Mathematician G. H. Hardy called proof by contradiction, or reductio ad absurdum, one of a mathematician’s finest weapons.

Without getting all technical, it’s the technique of assuming the opposite of what you’re attempting to prove and then using logical steps to show that assumption leads to an absurd conclusion.

The classic example of the technique is the proof that the square-root of 2 is irrational (that is, it cannot be exactly expressed as a fraction). The proof rests on a piece of maths that we all learned in primary school; simplifying fractions. If we have a fraction such as 4/8 we can see that both the numerator and the denominator (the fancy book-larnin’ words for the top and bottom of the fraction) can be divided by 2, to give us 2/4, we can then divide by 2 again, to get 1/2, and that is the fraction in its simplest form.

I won’t work through the proof that the square-root of 2 is irrational (there are many worked examples a Google away) but it starts by assuming that it can be written as a fraction, a/b. Then, through some sub-GCSE algebraic juggling, we can show that both a and b can be simplified, to give c/d. So far so good, but then we can run through the exact same process again, to give an even simpler representation of root 2, e/f. Then again, to give g/h, and so on, forever, never arriving at a simplest form.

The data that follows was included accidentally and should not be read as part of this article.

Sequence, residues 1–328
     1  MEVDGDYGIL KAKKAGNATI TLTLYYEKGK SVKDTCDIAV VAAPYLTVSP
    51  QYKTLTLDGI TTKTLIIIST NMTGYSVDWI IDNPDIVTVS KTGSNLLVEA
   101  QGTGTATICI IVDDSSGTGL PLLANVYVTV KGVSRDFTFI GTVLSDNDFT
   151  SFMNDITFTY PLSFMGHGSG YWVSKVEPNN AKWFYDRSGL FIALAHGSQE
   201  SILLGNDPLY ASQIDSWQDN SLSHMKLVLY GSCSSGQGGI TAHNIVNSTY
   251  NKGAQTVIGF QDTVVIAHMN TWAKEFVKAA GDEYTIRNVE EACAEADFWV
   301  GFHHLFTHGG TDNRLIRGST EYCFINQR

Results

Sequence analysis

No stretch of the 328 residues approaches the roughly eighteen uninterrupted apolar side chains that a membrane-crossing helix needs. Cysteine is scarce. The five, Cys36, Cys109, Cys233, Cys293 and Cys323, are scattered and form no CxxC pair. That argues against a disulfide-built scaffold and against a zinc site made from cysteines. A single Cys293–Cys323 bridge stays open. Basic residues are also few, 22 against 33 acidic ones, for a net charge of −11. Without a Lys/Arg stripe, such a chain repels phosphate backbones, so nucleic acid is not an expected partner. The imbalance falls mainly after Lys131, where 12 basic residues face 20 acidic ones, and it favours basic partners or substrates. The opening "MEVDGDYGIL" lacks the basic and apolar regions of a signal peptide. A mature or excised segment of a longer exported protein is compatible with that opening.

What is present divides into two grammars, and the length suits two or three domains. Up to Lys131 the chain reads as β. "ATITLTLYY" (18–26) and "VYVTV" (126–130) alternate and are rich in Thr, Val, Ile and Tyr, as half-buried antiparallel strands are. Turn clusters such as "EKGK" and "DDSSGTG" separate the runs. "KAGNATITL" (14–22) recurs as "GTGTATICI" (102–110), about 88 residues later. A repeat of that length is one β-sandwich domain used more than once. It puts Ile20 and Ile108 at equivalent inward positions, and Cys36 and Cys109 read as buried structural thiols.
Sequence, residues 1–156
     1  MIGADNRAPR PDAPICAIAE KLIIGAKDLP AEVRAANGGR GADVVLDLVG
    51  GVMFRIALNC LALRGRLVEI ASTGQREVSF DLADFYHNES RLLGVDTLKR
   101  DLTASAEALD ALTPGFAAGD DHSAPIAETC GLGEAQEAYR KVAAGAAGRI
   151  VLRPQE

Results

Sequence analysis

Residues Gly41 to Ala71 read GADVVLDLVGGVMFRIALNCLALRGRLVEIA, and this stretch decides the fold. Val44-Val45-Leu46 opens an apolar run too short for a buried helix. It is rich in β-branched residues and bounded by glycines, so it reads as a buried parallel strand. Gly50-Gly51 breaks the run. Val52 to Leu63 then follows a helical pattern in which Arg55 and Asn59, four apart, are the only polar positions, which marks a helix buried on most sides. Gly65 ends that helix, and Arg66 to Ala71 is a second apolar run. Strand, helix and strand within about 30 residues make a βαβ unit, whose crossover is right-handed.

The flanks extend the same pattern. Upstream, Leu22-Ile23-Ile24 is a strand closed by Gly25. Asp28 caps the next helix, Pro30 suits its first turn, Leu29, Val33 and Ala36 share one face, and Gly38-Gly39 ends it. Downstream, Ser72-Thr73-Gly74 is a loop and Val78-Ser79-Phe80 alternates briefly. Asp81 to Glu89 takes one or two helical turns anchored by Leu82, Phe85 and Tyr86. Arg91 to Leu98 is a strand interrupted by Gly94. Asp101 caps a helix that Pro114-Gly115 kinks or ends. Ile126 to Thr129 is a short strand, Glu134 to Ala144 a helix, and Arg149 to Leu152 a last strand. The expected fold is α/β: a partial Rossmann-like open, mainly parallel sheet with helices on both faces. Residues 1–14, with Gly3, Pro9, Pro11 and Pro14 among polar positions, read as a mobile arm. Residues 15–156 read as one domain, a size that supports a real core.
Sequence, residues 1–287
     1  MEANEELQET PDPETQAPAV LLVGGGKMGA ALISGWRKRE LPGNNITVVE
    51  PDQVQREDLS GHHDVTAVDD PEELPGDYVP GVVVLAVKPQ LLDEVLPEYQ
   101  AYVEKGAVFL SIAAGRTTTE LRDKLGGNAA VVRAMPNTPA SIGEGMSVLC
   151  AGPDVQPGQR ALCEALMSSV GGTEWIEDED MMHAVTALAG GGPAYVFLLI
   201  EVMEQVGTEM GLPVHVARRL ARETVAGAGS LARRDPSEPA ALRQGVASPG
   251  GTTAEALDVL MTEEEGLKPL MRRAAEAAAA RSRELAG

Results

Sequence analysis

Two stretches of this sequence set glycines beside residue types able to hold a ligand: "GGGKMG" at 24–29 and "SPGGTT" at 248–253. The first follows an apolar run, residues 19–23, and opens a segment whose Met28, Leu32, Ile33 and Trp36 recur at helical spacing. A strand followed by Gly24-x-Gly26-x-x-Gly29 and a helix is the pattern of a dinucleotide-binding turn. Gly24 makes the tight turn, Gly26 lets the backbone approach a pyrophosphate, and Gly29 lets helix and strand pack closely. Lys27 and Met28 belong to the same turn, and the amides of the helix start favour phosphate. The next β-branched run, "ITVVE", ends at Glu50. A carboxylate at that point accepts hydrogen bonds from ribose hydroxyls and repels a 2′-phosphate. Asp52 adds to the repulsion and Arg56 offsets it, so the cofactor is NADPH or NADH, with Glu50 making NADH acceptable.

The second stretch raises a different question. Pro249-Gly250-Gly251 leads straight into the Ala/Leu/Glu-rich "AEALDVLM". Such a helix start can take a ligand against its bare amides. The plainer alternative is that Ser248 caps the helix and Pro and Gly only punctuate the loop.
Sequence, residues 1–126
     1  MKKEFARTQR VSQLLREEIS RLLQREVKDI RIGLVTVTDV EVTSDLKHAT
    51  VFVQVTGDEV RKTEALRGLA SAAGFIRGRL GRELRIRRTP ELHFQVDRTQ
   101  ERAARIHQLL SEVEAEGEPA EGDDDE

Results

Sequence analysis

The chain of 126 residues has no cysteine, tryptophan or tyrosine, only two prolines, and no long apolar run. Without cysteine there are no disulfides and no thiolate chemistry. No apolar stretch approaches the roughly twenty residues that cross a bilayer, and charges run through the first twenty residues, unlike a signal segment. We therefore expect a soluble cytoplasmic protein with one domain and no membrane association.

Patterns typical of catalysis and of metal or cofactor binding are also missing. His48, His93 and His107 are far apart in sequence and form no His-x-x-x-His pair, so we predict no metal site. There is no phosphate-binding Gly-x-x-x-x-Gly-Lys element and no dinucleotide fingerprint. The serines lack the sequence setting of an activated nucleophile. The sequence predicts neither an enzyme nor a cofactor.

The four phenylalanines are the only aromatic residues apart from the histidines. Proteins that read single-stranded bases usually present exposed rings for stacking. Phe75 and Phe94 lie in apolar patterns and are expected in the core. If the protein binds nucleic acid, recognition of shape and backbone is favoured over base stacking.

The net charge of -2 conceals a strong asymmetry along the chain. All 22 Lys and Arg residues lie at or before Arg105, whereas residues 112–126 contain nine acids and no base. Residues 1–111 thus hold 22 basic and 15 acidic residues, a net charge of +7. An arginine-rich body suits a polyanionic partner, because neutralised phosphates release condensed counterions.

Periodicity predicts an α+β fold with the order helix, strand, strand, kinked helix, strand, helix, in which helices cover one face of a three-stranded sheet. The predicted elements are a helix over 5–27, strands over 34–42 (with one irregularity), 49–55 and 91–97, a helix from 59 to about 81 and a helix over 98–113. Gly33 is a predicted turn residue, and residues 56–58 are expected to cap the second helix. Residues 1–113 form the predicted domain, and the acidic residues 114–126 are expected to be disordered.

A fraction that can be simplified forever is an absurdity, but every step in the logic is mathematically correct, so the only possible conclusion is that our initial premise was wrong, and that the square-root of 2 cannot be represented as a/b and is, therefore, irrational.

Pythagoras, legend has it, believed that every number could be represented by simple fraction, so when his student, Hippasus, proved that the square-root of 2 was irrational, Pythagoras ordered him drowned at sea.